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Subject Topic: Tesla 3 towing?
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Message posted by Colin21 on 31/12/2017 at 7:33pm
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I just don't see where all the electricity is going to come from. If every F.F car were to be replaced by an EV by the end of next year, how many more power stations would be needed? Each power station when proposed meets untold amounts of opposition from locals. Then come all the endless planning meetings, protests etc, before construction starts (if it does) then it's another couple of years at least before it starts producing electricity.

Charging at home not a problem? It wouldn't be for me I must admit, but what if I lived on the 14th floor of a tower block, or had to park 2 streets away as that was the closest I could get? With a F.F. car they could fill up in a couple of minutes on the way home or on the way out. They don't need to top up at home.

I think F.F. vehicles will still be around, yes even diesels, in 10 maybe 20 years time, and IF EVs do eventually replace them, and that's a big IF in my book, it won't be anytime soon. Diesel-engined plant will probably be around even longer.

I have a 22 year old granddaughter, and if she learns to drive I wouldn't be surprised if she is still driving a F.F. fuelled car well into her 40s.

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Message posted by ST1100 on 31/12/2017 at 7:38pm
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Quote: Originally posted by Francais on 31/12/2017
No problem ST1100, the Tesla infrastructure for the UK will be in place by 2020, and hopefully by then some agreement will have been made between all the EV car manufacturers, so that any make model a EV can fast charge from any fast charger, be it Tesla, ChadeMo or CCS.

This is early days as yet, but mark my word, the fossil car will become a thing of the past, sooner than you think.



Will believe that when I see it up here .. we are still waiting for decent public transport in places .. would help if they spent anywhere near the amount per person they spend on those in London.

Those making the decisions in London thought the way to update the local trains up here was to convert the carriages that was considered too old for the London Underground.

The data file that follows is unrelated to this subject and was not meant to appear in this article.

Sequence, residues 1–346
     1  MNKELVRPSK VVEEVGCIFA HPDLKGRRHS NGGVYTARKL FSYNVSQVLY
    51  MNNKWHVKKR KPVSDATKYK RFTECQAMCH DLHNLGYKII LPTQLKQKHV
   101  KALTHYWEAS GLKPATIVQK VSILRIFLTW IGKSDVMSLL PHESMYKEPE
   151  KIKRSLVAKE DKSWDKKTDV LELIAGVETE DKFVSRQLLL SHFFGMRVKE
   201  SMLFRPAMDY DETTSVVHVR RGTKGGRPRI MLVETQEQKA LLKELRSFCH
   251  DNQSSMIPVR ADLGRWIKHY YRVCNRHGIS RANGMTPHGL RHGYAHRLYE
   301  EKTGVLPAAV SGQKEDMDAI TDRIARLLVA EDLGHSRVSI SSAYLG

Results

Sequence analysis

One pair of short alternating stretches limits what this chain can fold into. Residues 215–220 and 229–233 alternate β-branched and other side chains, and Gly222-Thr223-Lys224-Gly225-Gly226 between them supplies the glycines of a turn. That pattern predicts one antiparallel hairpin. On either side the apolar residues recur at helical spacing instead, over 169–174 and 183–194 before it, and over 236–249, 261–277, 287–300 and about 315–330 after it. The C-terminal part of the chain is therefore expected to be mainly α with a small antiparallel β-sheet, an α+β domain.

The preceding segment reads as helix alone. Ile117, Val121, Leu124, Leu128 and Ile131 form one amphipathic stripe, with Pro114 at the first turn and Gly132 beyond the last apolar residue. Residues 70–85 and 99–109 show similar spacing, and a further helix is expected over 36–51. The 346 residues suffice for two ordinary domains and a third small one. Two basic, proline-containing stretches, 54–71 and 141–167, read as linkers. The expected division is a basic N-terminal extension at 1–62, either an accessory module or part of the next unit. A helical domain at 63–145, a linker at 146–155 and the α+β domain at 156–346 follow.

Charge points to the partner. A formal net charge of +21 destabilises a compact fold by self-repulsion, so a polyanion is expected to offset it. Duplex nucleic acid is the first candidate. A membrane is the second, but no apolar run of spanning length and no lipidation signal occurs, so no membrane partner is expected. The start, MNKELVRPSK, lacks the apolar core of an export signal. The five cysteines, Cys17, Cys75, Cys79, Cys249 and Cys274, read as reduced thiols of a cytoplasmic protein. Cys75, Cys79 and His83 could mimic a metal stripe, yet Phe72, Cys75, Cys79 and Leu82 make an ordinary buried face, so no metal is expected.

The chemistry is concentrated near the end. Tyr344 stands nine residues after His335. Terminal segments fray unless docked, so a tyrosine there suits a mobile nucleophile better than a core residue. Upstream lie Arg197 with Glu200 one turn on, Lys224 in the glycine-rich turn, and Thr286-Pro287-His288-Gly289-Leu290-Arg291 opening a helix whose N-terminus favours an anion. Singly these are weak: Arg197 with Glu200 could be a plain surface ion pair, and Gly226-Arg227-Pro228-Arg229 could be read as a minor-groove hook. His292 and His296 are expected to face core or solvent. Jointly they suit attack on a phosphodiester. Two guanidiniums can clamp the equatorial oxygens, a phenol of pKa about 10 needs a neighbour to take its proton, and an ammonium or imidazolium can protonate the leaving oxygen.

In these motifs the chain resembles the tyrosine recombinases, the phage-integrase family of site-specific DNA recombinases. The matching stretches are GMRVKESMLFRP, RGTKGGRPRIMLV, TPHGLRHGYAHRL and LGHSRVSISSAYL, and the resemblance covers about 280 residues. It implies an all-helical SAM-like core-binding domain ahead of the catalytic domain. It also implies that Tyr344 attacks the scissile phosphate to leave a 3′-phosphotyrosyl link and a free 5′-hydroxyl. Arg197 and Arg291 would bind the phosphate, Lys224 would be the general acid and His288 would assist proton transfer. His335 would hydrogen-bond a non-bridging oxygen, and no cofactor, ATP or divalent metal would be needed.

Post last edited on 31/12/2017 20:01:53

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Message posted by Wobbly Box on 31/12/2017 at 7:41pm
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Aye and how many cars can fill up in the time it takes one electric car to charge. The majority of petrol stations havent enough room to make it viable for them to convert to electric car charging stations.

As a matter of interest If I had an electric car that covers 150 miles on a charge . What does it cost to charge the battery , basically looking for. Cost per mile compared with a petrol or diesel car.

Message posted by Colin21 on 31/12/2017 at 8:08pm
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Quote: Originally posted by Wobbly Box on 31/12/2017
Aye and how many cars can fill up in the time it takes one electric car to charge. The majority of petrol stations havent enough room to make it viable for them to convert to electric car charging stations.

As a matter of interest If I had an electric car that covers 150 miles on a charge . What does it cost to charge the battery , basically looking for. Cost per mile compared with a petrol or diesel car.



I would imagine on that basis the EV would probably be cheaper per mile, but another question I would ask is; If an EV does 150 (or 250)miles per charge when new, how long will it continue to do that? I have had several Li battery powered drills that would go all day when I bought them, but within 2 years I could only drill 3 holes and the battery was knackered. I know it's not quite the same, but it still makes me wonder how long an EV's battery would carry on doing the same number of miles it did when new. And what would they cost to replace?


Post last edited on 31/12/2017 20:12:17

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Message posted by Francais on 31/12/2017 at 8:22pm